Limited availability

With only 5,000 horses worldwide, the breed is still relatively rare despite its widespread popularity. Most Clydesdale horses in the world reside in America, where the number is growing annually at about 600 new registrations. Many draft horse enthusiasts consider them to be their favorite.

What a Clydesdale Horse’s Medical Expenses?

What a Clydesdale Horse's Medical Expenses?

Every horse must see their neighborhood vet at least once a year. During this yearly appointment, the patient often receives a dental cleaning, a deworming, and necessary vaccine updates. An annual examination with the veterinarian usually costs two hundred dollars or less. Still, if you need to bring the doctor to the horse rather than vice versa, there will always be an additional charge. 

Emergencies related to health may occur at any moment. Treatment for many crises will go into the thousands of dollars each case. It’s a good idea to budget your monthly expenses so that you will be able to pay for it in the unlikely event that your Clydesdale has a medical emergency. There’s also the problem with this breed’s foot feathers. You’ll need to take additional time cleaning these places to prevent matting, which may result in rain rot and other skin health problems.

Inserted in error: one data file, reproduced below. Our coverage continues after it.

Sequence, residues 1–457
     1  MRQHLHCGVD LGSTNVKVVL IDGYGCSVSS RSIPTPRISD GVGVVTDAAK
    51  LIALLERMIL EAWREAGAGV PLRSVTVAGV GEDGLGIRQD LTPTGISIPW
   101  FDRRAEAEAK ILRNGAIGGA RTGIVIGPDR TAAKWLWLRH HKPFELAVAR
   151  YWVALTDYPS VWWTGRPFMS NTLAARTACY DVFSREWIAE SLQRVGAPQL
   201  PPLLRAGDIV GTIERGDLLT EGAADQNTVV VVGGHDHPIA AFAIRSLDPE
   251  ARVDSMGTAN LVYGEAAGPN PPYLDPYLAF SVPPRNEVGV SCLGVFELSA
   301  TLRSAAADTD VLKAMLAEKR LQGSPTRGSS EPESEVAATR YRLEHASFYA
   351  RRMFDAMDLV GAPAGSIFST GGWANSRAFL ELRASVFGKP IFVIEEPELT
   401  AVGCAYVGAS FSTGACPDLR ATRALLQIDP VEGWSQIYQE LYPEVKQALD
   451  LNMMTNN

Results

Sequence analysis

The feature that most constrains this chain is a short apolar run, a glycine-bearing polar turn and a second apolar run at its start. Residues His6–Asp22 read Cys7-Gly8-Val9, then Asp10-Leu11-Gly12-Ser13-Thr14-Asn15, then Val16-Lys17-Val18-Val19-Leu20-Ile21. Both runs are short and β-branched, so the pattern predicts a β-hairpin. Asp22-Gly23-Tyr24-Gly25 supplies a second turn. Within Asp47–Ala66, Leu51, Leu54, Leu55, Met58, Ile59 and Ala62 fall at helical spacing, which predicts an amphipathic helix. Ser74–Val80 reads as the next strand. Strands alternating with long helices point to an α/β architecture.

What About Clydesdale Horse Training Fees?

Clydesdale horses have become exceptionally skilled in dressage and other precision activities, even though you will only sometimes see them compete in shows. Although training remains optional, you should hone your abilities if this is your first time riding a Clydesdale or a horse. The total cost of private riding lessons depends on how many sessions you wish to take, averaging $50 per hour.

There are few trainers in your area that would be interested in working with Clydesdales. Due to the breed’s size, there may be additional expenses. Summertime specialty training clinics, offered in many areas, benefit many Clydesdales. This teaches them the fundamentals of the job they’ll perform, the shows you may want them to be in, and other equestrian responsibilities you will be asking of them. A clinic often costs between $250 and $500 for the whole work weekend.

Does Owning a Clydesdale Horse Right for You?

Does Owning a Clydesdale Horse Right for You?